BY DR. DOUGLAS WATT, PH.D.
By Douglas F. Watt, Ph.D.
Adjunct Professor, Graduate Department of Psychology Lesley University
Clinical Neuroscience Advisor, 9th Dimension Biotech, Inc.
Multiple system atrophy is a tripartite disease, a similar ‘meta-category’ to the more recent integration of the frontotemporal dementias with ALS, but achieved some 40 years earlier, in which seemingly unrelated clinical phenotypes are shown to share identical cellular neuropathology. MSA is the diagnostic umbrella label, a ‘super-category’ emerging from Graham & Oppenheimer’s (1969) unification of three previously distinct syndromes: olivopontocerebellar atrophy, striatonigral degeneration, and Shy-Drager syndrome. This phenotypic integration was supported by pathological demonstration of pathognomonic glial (oligodendrocyte) cytoplasmic inclusions (GCIs) in all MSA by Papp in 1989. GCIs are composed of a unique strain of alpha synuclein aggregates, similar but not identical to strains in neurons in Parkinson's disease (‘Lewy bodies’), with seeding/templating of protein aggregation in a prion-like fashion. What makes multiple system atrophy something of an outlier in the already confusing pantheon of neurodegenerative disorders are: 1) GCIs are non-neuronal – MSA is an ‘oligodendropathy’ in which the cells supporting the brain's white matter degenerate, with neuronal degeneration apparently secondary to this; 2) there is no known genetic version of the disease (virtually all sporadic), in stark contrast to every other known neurodegenerative disorder, and where its closest relative PD has several genetically determined as well as genetically predisposed phenotypes, although copy number variations on SYNC have been found; 3) despite its close similarity to the PD family, with both a parkinsonian version that is roughly as commonplace as the cerebellar variant, and with a synucleinopathy somewhat similar to PD, it does not respond very well to levodopa, probably because the target system (putamen initially, then caudate) is degenerating more than in PD, while both show degeneration in SNc. In that sense, MSA is a more complex/diffuse disorder of neural networks, while PD (at least early-stage) may be viably (if incompletely) modeled as DA deafferentation. MSA is also more significantly aggressive than PD.
DA therapies may be modestly effective about 35-40% of the time, and may be worth trying with the parkinsonian variant, but often times autonomic dysfunction, and progressive cerebellar dysfunction pose greater challenges for patient quality of life, with cerebellar ataxia currently untreatable, other than removing risk for falls by walker or wheelchair support. Major questions remain about how degeneration initiates and apparently centers in the oligodendrocytes, and how to readily identify and then modify this neurodegenerative trajectory. Unfortunately, the lack of biomarkers makes identification of prodromal and preclinical stage patients difficult, particularly given lack of knowledge about risk genes, which significantly hampers research. OM-αSynD (detection of alpha synuclein in olfactory mucosa) may serve as a novel non-invasive biomarker for clinical diagnoses of PD, MSA-P, and MSA-C, but cannot yet discriminate these three, but skin biopsy may do better. Clinical stage patients can be neuroimaged, which has characteristic findings in both parkinsonian and cerebellar versions, about the only cost-effective biomarker and technical assist in differential diagnosis, beyond delineating symptom clusters and identifying classic ‘red flags’ that separate MSA & other Parkinsonian Plus disorders from PD. An experimental PET ligand has shown promise separating MSA from PD, but with no current clinical availability. DTI can separate PD & MSA, due to greater white matter degeneration in MSA.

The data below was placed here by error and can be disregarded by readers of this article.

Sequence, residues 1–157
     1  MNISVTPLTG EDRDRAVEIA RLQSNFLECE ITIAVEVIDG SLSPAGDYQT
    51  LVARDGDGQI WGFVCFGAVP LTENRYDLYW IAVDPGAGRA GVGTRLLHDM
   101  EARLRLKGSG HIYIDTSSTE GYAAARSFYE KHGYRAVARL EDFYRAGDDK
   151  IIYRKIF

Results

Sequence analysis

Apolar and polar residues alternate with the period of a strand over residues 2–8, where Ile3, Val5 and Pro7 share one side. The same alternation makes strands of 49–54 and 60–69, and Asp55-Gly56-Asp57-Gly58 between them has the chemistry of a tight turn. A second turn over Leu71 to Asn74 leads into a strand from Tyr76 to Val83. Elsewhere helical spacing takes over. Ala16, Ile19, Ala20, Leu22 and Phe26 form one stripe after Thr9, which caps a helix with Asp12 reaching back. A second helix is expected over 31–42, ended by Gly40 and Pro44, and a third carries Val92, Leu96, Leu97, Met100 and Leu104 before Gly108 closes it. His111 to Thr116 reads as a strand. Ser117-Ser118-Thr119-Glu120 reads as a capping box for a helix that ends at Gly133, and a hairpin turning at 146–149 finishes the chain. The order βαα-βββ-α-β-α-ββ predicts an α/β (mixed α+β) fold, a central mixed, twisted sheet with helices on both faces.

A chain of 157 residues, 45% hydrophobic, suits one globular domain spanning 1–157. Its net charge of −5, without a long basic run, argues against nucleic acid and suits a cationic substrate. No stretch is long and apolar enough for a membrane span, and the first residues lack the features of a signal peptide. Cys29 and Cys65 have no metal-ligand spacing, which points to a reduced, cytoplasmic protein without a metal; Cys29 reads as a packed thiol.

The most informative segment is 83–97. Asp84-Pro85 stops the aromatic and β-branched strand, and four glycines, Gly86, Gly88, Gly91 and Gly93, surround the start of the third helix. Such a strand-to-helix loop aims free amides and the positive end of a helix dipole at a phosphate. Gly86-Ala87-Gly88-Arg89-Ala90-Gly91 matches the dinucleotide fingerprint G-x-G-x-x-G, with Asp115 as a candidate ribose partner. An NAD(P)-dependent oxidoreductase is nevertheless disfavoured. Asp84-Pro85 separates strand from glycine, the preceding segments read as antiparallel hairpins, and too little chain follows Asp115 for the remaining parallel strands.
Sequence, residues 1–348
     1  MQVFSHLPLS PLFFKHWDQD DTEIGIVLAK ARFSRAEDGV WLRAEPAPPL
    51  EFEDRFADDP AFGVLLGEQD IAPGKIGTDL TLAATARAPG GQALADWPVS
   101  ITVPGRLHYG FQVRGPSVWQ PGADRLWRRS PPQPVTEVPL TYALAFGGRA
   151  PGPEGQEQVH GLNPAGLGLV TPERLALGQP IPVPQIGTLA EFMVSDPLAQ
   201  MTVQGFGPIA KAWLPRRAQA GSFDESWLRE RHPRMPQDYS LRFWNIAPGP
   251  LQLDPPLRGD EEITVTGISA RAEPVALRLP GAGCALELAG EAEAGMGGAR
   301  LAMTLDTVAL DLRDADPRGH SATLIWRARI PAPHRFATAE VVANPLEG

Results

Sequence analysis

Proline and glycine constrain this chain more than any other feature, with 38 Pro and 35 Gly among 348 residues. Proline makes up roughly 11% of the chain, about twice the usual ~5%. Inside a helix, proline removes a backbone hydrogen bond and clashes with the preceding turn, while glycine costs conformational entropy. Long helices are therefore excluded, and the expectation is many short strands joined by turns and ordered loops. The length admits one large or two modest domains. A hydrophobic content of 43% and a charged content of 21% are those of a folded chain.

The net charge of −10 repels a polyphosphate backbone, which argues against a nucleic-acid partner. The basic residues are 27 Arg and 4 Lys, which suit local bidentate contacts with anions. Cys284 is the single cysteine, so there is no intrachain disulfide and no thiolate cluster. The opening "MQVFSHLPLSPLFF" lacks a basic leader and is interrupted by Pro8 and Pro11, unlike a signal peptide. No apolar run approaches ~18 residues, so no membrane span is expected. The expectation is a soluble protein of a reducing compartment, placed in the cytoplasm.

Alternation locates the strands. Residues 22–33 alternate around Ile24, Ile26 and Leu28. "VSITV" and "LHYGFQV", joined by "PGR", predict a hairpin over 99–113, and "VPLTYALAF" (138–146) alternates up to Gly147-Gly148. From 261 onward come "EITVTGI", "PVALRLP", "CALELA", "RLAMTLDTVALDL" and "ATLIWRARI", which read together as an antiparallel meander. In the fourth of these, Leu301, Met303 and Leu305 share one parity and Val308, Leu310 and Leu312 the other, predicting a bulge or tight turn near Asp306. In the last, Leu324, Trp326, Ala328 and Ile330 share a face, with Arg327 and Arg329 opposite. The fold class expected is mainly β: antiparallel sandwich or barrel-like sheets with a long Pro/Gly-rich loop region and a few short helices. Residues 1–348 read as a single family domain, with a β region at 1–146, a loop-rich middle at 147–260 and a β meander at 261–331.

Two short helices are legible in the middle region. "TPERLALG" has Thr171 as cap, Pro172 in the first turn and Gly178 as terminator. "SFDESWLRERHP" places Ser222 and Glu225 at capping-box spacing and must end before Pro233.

Classic disease modification targets in MSA (targeted in other NDD) have included: 1) antibodies aimed at alpha synuclein (all phase I), 2) inhibition of protein aggregation, 3) modulating central inflammation, and 4) augmenting growth factor/neuroprotection signals. So far, although no major disease modifying therapy has emerged, high-dose CoQ10 shows modest slowing of progression, suggesting that MITO dysfunction is part of the neurodegenerative causal loops (primacy of MITO dysfunction thought central to PD). Mesenchymal stem cell treatment also modestly slows progression. Only rapamycin has had any kind of probing in terms of clinical trials using CR mimetics (not successful in its one trial); this suggests a wide-open field of clinical opportunity for other CRMs, such as AMP kinase modulators, or perhaps combination approaches using a CRM and other classic targets from the above list. Virtually nothing is known in a systematic way about prevention and the relationship of MSA risk to classic disease-of-aging-relevant lifestyle risk factors of sleep, diet, exercise, or social support/stress, but attention to these classic risk factors may take gas off the neurodegenerative fire.
These statements have not been evaluated by the FDA. This product is not intended to diagnose, treat, cure, or prevent any disease.
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